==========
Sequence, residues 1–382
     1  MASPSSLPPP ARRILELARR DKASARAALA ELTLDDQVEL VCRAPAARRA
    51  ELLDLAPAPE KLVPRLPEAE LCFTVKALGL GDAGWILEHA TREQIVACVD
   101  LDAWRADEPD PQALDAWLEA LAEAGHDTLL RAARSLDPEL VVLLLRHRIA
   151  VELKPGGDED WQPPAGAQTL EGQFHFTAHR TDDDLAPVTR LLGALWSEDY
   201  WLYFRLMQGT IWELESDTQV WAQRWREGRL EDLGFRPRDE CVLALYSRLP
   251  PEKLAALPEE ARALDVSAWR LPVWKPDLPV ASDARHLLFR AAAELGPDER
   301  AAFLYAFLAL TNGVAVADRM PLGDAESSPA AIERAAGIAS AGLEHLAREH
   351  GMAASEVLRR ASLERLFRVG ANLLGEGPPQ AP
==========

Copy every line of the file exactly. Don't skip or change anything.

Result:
Sequence, residues 1–382
     1  MASPSSLPPP ARRILELARR DKASARAALA ELTLDDQVEL VCRAPAARRA
    51  ELLDLAPAPE KLVPRLPEAE LCFTVKALGL GDAGWILEHA TREQIVACVD
   101  LDAWRADEPD PQALDAWLEA LAEAGHDTLL RAARSLDPEL VVLLLRHRIA
   151  VELKPGGDED WQPPAGAQTL EGQFHFTAHR TDDDLAPVTR LLGALWSEDY
   201  WLYFRLMQGT IWELESDTQV WAQRWREGRL EDLGFRPRDE CVLALYSRLP
   251  PEKLAALPEE ARALDVSAWR LPVWKPDLPV ASDARHLLFR AAAELGPDER
   301  AAFLYAFLAL TNGVAVADRM PLGDAESSPA AIERAAGIAS AGLEHLAREH
   351  GMAASEVLRR ASLERLFRVG ANLLGEGPPQ AP